The FCC decided to divide the permission of use of personal information based on type, categorizing information into “sensitive” and “non-sensitive.”

Sensitive information will require ISPs to obtain “opt-in” consent from subscribers, which will allow them to use and and share this type of information:

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  • Precise geo-location 
  • Children’s information
  • Health information 
  • Financial information
  • Social Security numbers
  • Web browsing history
  • App usage history
  • The content of communication 

Non-sensitive information would include all other information and customers would need to "opt-out" in order to prevent their ISPs from collecting such data. Examples of non-sensitive personal information include service tier information.

The new rules also require providers to follow “up-to-date and relevant industry best practices” in reference to managing security risks, take care to provide accountability and oversight regarding security, and dispose of personal data properly. These are only a sampling of the rules, which are not complicated but add another layer of undertaking to the role of provider. Check out this Fact Sheet from the FCC for more on the new rules.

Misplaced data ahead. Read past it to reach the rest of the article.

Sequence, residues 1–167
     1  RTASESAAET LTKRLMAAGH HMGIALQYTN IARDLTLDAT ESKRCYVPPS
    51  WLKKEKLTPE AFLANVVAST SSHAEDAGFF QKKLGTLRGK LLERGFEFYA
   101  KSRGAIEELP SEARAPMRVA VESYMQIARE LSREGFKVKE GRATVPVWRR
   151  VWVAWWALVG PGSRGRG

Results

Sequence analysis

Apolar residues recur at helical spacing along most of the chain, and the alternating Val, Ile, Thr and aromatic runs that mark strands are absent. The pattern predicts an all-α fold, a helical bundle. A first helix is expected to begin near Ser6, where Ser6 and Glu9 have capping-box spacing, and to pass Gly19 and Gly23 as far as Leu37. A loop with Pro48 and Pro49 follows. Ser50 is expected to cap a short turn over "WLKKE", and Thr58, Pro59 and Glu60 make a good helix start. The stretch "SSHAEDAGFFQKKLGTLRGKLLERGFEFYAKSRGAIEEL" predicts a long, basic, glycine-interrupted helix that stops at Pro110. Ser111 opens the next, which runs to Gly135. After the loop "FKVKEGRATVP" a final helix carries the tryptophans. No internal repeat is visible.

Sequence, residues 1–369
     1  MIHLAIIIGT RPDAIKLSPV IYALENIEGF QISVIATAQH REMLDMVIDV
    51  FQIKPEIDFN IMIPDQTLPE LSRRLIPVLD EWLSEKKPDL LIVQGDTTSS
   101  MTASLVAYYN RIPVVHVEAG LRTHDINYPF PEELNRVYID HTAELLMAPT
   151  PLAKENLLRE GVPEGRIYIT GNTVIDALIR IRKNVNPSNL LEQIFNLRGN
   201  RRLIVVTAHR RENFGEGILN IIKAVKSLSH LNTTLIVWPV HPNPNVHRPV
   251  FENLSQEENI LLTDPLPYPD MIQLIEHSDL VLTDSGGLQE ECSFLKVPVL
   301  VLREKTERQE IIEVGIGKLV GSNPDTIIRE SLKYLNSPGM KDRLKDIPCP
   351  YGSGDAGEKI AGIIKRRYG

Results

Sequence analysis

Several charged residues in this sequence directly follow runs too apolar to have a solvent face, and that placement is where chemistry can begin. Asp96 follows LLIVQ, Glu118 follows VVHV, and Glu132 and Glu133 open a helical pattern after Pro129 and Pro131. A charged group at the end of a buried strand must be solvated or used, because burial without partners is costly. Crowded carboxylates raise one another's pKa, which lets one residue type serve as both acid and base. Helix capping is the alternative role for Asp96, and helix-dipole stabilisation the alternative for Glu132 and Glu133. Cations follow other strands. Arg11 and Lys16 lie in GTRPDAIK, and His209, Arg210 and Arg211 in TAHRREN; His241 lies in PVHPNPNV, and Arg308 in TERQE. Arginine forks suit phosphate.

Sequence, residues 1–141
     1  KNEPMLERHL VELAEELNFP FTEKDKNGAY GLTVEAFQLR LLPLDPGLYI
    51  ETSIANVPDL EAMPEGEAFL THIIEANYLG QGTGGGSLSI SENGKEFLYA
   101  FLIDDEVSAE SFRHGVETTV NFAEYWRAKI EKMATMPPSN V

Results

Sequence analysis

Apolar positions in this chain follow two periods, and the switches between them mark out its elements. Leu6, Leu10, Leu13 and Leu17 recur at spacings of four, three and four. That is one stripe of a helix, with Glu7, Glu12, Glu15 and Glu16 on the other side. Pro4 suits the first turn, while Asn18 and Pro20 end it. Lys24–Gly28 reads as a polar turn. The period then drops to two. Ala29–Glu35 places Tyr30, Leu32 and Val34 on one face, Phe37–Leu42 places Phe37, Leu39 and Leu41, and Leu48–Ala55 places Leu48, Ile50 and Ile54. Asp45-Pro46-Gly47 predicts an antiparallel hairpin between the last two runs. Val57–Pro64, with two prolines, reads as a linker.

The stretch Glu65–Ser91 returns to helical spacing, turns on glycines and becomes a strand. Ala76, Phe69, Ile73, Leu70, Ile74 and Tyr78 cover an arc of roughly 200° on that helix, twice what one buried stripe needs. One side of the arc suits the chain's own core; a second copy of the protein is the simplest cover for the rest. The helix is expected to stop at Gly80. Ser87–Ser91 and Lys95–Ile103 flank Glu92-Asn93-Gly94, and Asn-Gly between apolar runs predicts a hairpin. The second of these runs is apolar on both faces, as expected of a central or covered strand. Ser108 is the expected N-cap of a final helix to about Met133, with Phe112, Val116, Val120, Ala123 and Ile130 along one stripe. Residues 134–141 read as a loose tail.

Not All ISPs Are Big ISPs - Thank Goodness!

At first, we were concerned that these new rules might create more work for munis and small ISPs that are already heavily burdened with reporting requirements. For municipal utilities that provide other services as well, such as electric, gas, or water, another round of administrative requirements seemed especially taxing.

While national providers with thousands on their payrolls may have entire departments to deal with paperwork, municipal networks often exist in small communities and employ small staff. Regardless of the number of employees, they still must submit the same amount of information to the FCC. But we didn't hear any of them complaining about the new privacy protections.